Iran: The lesser of two evils
The United States is in a quandary over the pending nuclear agreement with Iran. US President Barack Obama badly needs to have a deal finalised before the end of his second term, which is rapidly approaching. The American president wants to leave the White House with some positive legacy in foreign affairs. At the moment, he has none.
Yet this agreement, which many who have been following the saga agree, will hardly be worth the paper it will be printed on. Iran will sign but then proceed to do whatever it wants to do, as it has always done. Full speed ahead and damn the torpedoes.
The mullahs will say they have a slightly different version than what the Americans have. They will blame the translation, the nuances of the meanings of certain words in English as opposed to Farsi, and so on.
As long as the ayatollahs remain in power in Iran, as long as the mullahs continue to rule, Iran will continue to be a source of trouble in the Middle East.
Make no mistake about it; Iran plans to become a nuclear power. The decision to acquire nukes was reached during the eight-year war with Iraq, during which the Islamic Republic lost about 500,000 men and nearly lost the war.
At that point Iran made up its mind: It would never again allow itself to fall into such a vulnerable position; it would become a nuclear nation. The invasion of Iraq by the United States in 2003 removed any and all doubt in Tehran of the need for nuclear deterrence.
Iran is a nation of Shia Persians surrounded by Sunni Arabs with whom they have been in conflict in one way or another for several centuries. Furthermore, Iranians — or Persians — have always seen themselves as the dominant factor in the region. The last monarch, Mohammad Reza Pahlavi, had the title of shahanshah — king of kings. Ironically, after toiling hard during his first term to portray Iran as a sponsor of terrorism, Obama is trying to convince the American people (and himself) that Iran can be a valuable partner in the war against the Islamic State (ISIS). And indeed the Iranians can and they will because they are right up there with all the others whom ISIS is targeting.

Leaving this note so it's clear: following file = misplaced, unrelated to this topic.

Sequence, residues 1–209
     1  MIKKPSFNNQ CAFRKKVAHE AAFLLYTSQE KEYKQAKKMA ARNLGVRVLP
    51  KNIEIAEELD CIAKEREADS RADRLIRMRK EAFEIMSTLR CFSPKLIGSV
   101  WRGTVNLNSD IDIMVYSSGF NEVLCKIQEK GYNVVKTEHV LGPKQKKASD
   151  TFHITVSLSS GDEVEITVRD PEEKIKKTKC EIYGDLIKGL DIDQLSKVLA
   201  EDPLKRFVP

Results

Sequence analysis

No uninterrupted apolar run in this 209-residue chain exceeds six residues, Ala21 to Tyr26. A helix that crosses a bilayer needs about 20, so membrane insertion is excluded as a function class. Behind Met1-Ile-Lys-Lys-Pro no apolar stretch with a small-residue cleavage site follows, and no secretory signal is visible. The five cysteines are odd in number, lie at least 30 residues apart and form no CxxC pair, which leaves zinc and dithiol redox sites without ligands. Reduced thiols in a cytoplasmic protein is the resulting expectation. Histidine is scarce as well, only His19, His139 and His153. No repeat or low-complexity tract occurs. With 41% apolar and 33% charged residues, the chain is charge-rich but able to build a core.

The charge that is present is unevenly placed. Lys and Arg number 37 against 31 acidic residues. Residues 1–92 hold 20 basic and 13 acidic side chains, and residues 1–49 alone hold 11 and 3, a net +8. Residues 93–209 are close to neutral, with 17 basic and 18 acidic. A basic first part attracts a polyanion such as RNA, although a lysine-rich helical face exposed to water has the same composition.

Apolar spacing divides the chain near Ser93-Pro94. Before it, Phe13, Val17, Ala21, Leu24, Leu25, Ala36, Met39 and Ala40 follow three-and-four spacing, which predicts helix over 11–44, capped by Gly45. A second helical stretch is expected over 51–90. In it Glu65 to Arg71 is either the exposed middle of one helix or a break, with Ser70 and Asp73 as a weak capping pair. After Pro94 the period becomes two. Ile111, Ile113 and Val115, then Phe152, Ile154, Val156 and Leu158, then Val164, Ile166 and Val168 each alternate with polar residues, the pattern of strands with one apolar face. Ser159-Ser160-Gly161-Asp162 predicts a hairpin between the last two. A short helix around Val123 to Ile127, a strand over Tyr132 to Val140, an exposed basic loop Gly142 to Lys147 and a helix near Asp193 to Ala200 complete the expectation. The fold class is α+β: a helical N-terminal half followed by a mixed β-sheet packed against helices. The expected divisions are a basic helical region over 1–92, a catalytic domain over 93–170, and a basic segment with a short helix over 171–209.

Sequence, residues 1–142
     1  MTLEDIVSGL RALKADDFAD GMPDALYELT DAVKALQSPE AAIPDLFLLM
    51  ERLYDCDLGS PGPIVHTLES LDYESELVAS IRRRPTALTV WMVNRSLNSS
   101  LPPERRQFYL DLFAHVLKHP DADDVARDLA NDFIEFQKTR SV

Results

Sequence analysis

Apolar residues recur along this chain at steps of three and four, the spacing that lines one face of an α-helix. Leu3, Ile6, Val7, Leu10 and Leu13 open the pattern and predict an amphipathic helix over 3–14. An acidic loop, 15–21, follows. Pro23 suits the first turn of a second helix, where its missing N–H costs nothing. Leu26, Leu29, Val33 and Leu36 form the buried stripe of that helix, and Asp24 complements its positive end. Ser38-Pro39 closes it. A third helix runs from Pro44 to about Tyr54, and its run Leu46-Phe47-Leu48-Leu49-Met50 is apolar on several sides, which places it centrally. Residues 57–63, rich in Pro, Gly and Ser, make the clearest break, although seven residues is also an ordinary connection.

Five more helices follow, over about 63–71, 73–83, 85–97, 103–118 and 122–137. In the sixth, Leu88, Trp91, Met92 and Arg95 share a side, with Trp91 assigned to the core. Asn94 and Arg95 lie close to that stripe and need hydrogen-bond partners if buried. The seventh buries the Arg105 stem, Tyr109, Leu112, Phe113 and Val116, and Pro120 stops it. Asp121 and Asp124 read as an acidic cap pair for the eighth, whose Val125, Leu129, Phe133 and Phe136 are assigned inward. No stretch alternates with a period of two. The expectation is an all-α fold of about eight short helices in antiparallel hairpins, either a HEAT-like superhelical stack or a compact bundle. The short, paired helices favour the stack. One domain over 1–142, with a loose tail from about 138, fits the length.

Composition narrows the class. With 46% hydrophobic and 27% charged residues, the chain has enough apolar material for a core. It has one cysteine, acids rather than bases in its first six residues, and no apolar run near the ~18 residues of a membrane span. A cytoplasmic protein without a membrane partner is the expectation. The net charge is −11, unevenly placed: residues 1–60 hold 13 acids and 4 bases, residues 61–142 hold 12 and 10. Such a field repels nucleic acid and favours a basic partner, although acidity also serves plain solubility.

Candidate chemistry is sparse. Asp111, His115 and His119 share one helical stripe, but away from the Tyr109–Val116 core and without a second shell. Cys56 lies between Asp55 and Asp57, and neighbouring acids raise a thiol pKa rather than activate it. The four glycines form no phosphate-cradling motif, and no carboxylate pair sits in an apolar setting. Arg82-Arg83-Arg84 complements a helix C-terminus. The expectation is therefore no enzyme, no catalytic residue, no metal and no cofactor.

In today’s turbulent Middle East, Iran remains the lesser of two evils but, nevertheless, Iran remains as dangerous as it ever was. Yet, for a month now, the US State Department has been defending Iran from suggestions that it was on the verge of violating a requirement to reduce its low-enriched uranium stockpile under a 2013 interim nuclear agreement with major powers.
Low-enriched uranium can be further enriched to make fissile material for an atomic bomb, and one of the main goals of any nuclear deal is to restrain Iran’s production of it.
Washington also deflected criticism of continued Iranian violations of UN sanctions and reports of attempts to illicitly procure nuclear technology usable in activities the West wants it to suspend.
The Obama administration says it is aware of suspected breaches but they are not covered under the interim accord, which was signed in November 2013 and has been extended three times.
US presidential aspirant Hillary Clinton, addressing a hand-picked audience at a July 3rd Dartmouth College campaign event, said that even if the United States were to finalise a deal with Iran, there would still be problems with Tehran. Clinton called Iran “the world’s chief sponsor of terrorism”.
Iran has done a lot of bad things in Syria and across the Middle East, and still does, lamented Clinton. It’s holding American citizens, including Washington Post reporter Jason Rezaian, who is on trial for alleged espionage.
Iran is an authoritative theocracy where people are arrested and jailed for speaking their minds; where torture and summary executions are common; and where the mullahs continue to meddle in the internal affairs of Bahrain, Lebanon, Syria, Iraq and Yemen.
In the troubled Middle East all terrorists are not created equal. Some are more dangerous than others. At present, the primary threat is ISIS. It is the most radical, the most brutal and the most dangerous. But one must not forget the “lone wolf” that is Iran hiding under mullah’s robes.